Bioplastics made from albumin could be used in antibacterial food packaging
Posted: 31 March 2015 | Victoria White | No comments yet
Bioplastics made from protein sources such as albumin have shown significant antibacterial properties and could eventually be used in food packaging…
Bioplastics made from protein sources such as albumin and whey have shown significant antibacterial properties.The findings, from a recent study by the University of Georgia College of Family and Consumer Sciences, could eventually lead to their use in plastics used in food packaging.
Researchers tested three non-traditional bioplastic materials—albumin, whey and soy proteins—as alternatives to conventional petroleum-based plastics that pose risks of contamination. In particular, albumin, a protein found in egg whites, demonstrated tremendous antibacterial properties when blended with a traditional plasticiser such as glycerol.
“It was found that it had complete inhibition, as in no bacteria would grow on the plastic once applied,” said Alex Jones, a doctoral student in the department of textiles, merchandising and interiors. “The bacteria wouldn’t be able to live on it.”
Albumin – glycerol was found to be fully biodegradable
One of the researchers’ aims is to find ways to reduce the amount of petroleum used in traditional plastic production; another is to find a fully biodegradable bioplastic.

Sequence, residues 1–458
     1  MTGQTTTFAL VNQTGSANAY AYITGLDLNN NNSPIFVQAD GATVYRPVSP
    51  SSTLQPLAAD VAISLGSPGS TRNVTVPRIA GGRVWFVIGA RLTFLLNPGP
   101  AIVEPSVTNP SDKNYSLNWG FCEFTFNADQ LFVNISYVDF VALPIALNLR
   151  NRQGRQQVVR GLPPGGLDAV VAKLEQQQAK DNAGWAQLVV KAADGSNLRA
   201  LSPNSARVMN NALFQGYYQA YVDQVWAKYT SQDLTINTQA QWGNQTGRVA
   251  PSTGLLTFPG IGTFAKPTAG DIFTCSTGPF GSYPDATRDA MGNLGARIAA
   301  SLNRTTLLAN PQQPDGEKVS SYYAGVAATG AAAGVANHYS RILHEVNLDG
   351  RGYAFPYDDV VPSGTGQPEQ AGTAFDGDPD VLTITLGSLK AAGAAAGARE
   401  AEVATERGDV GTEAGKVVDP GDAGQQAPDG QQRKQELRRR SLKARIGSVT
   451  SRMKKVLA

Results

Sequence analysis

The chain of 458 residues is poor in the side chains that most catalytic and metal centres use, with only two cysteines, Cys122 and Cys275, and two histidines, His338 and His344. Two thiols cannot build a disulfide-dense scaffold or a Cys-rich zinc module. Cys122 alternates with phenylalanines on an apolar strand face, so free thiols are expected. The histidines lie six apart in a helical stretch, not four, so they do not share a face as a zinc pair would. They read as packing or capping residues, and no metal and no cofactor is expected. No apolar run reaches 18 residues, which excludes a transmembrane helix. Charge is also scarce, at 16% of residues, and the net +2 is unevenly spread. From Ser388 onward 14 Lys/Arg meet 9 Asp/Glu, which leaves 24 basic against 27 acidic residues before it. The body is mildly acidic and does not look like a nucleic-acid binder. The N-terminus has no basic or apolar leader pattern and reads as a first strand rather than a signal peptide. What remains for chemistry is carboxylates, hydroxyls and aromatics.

The albumin-glycerol blended bioplastic met both standards, Jones said. “If you put it in a landfill, this being pure protein, it will break down,” he said. “If you put it in soil for a month—at most two months—these plastics will disappear.”
The next step in the research involves a deeper analysis of the albumin-based bioplastic’s potential for use in the biomedical and food packaging fields.
Researchers are encouraged by the antimicrobial properties of albumin-based bioplastics that could potentially reduce the risk of food contamination by loading bioplastics with drugs and food preservatives that can kill bacteria or prevent it from spreading.
The study, “Protein-based bioplastics and their antibacterial potential,” is published in Journal of Applied Polymer Science.